Clear, shadowless sensing; inspired writing. Who else but David Abram?
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Late one evening, I stepped out of my little hut in the rice paddies of eastern Bali and found myself falling through space. Over my head the black sky was rippling with stars, densely clustered in some regions, almost blocking out the darkness between them, and loosely scattered in other areas, pulsing and beckoning to each other. Behind them all streamed the great river of light, with its several tributaries. But the Milky Way churned beneath me as well, for my hut was set in the middle of a large patchwork of rice paddies, separated from each other by narrow, two-foot-high dikes, and these paddies were all filled with water. By day, the surface of these pools reflected perfectly the blue sky, a reflection broken only by the thin, bright-green tips of new rice. But by night, the stars themselves glimmered from the surface of the paddies, and the river of light whirled through the darkness underfoot as well as above; there seemed no ground in front of my feet, only the abyss of starstudded space falling away forever.
I was no longer simply beneath the night sky, but also above it; the immediate impression was of weightlessness. I might perhaps have been able to reorient myself, to regain some sense of ground and gravity, were it not for a fact that confounded my senses entirely: between the galaxies below and the constellations above drifted countless fireflies, their lights flickering like the stars, some drifting up to join the constellations overhead, others, like graceful meteors, slipping down from above to join the constellations underfoot, and all these paths of light upward and downward were mirrored, as well, in the still surface of the paddies. I felt myself at times falling through space, at other moments floating and drifting. I simply could not dispel the profound vertigo and giddiness; the paths of the fireflies, and their reflections in the water’s surface, held me in a sustained trance. Even after I crawled back to my hut and shut the door on this whirling world, the little room in which I lay seemed itself to be floating free of the Earth.
– David Abram: The Spell of the Sensuous
The Alliance for Wild Ethics
John Ruskin: Rough sketches of tree growth, pen and neutral tint.
Let two persons go out for a walk; the one a good sketcher, the other having no taste of the kind. Let them go down a green lane. There will be a great difference in the scene as perceived by the two individuals. The one will see a lane and trees; he will perceive the trees to be green, though he will think nothing about it; he will see that the sun shines, and that it has a cheerful effect; and that’s all! But what will the sketcher see? His eye is accustomed to search into the cause of beauty, and penetrate the minutest parts of loveliness. He looks up, and observes how the showery and subdivided sunshine comes sprinkled down among the gleaming leaves overhead, till the air is filled with the emerald light. He will see here and there a bough emerging from the veil of leaves, he will see the jewel brightness of the emerald moss and the variegated and fantastic lichens, white and blue, purple and red, all mellowed and mingled into a single garment of beauty. Then come the cavernous trunks and the twisted roots that grasp with their snake-like coils at the steep bank, whose turfy slope is inlaid with flowers of a thousand dyes. Is not this worth seeing? Yet if you are not a sketcher you will pass along the green lane and when you come home again, have nothing to say or to think about it, but that you went down such and such a lane.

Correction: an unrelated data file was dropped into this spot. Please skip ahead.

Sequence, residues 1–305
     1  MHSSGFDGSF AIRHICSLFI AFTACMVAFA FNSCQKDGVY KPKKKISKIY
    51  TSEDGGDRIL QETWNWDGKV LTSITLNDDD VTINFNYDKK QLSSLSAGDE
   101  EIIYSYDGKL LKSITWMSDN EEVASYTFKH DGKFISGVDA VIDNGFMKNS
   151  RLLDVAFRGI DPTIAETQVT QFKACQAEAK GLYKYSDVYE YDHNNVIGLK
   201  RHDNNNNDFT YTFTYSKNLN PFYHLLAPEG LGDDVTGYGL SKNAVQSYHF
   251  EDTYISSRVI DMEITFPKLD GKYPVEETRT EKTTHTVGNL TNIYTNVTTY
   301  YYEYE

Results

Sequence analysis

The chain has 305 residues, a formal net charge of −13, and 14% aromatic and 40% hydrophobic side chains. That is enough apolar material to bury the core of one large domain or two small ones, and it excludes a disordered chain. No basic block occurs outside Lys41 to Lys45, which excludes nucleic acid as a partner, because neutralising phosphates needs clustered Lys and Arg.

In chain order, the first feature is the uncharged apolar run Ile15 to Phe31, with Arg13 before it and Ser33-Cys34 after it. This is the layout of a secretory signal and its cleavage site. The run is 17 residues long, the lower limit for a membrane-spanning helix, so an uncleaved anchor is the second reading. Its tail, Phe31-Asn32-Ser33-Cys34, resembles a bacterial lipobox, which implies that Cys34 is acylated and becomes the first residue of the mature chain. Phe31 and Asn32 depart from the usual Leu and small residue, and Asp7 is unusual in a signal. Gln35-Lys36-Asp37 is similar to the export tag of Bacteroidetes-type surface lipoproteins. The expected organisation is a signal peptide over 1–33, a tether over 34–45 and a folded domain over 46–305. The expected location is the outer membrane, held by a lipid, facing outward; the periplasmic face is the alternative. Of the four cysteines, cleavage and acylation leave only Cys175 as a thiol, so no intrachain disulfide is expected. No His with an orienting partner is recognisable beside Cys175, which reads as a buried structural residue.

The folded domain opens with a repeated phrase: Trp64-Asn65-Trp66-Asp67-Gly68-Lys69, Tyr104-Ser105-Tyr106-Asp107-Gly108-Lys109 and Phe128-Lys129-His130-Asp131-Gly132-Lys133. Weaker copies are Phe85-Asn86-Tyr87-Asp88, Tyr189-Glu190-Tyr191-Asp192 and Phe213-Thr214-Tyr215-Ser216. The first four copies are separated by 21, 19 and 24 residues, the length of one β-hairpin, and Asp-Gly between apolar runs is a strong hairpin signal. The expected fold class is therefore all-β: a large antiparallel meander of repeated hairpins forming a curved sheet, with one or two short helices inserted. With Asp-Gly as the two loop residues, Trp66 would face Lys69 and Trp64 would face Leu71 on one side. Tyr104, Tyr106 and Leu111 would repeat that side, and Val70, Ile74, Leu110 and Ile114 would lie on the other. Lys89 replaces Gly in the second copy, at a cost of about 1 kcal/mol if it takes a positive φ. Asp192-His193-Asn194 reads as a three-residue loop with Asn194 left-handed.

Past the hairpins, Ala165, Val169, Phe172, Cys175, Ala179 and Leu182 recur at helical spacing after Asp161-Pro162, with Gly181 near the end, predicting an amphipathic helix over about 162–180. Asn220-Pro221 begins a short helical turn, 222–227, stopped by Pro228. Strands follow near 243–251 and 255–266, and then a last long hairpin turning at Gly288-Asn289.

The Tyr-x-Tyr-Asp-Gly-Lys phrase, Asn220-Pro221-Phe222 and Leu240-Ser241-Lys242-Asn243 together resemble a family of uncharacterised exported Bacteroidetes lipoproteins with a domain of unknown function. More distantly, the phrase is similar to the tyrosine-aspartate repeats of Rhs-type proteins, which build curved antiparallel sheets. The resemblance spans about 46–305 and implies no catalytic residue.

– John Ruskin
Quoted in The Art of Travel, by Alain de Botton
Image © University of Oxford – Ashmolean Museum
John Ruskin at the artisans’ gallery
seeing without shadows
The mind thinks that there is an observer, an independent you,
and that is what is doing the observing.
But really there isn’t someone who is observing.
Consciousness is conscious.
Awareness is aware.
Observing is observing.
More from Adyashanti:
seeing from silence
Milosz, Lawrence, Einstein and Adyashanti on nondual awareness
In a similar vein:
everything is this Knowing
carse, katz, and the vast view
Haiku is an open-eyed engagement with the word and with the world. It is not so much what paints itself on the retina as what resonates – through one or more of the senses – with the human spirit. Haiku moments, in all their purity, surprise us when – and only when – we have achieved passive, non-striving awareness.
– Gabriel Rosenstock
sickle moon –
Haiku by Gabriel Rosenstock
disappearing in the haiku moment
the haiku moment
a glimpse of a god
When thought ceases, so do I.
I die to the molecular world around me: the birds and cars and people and expressways. The trees and buildings and rivers and neon signs.
I am the puzzle piece fitting perfectly into those around me.
Out an airplane window I am an imperceptible dot in a sprawling, seamless mosaic.
In death I awaken to this heavenly perspective at ground level.
– John Ptacek
Image source: The Village Web